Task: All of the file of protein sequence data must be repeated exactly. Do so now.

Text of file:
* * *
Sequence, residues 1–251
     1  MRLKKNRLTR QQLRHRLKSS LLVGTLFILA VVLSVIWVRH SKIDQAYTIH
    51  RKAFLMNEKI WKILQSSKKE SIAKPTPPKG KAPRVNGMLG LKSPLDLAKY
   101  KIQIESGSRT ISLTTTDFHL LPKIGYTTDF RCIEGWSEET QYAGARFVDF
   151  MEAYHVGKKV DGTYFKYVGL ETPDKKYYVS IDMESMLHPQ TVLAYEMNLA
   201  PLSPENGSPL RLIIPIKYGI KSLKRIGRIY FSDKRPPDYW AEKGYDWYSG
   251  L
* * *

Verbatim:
Sequence, residues 1–251
     1  MRLKKNRLTR QQLRHRLKSS LLVGTLFILA VVLSVIWVRH SKIDQAYTIH
    51  RKAFLMNEKI WKILQSSKKE SIAKPTPPKG KAPRVNGMLG LKSPLDLAKY
   101  KIQIESGSRT ISLTTTDFHL LPKIGYTTDF RCIEGWSEET QYAGARFVDF
   151  MEAYHVGKKV DGTYFKYVGL ETPDKKYYVS IDMESMLHPQ TVLAYEMNLA
   201  PLSPENGSPL RLIIPIKYGI KSLKRIGRIY FSDKRPPDYW AEKGYDWYSG
   251  L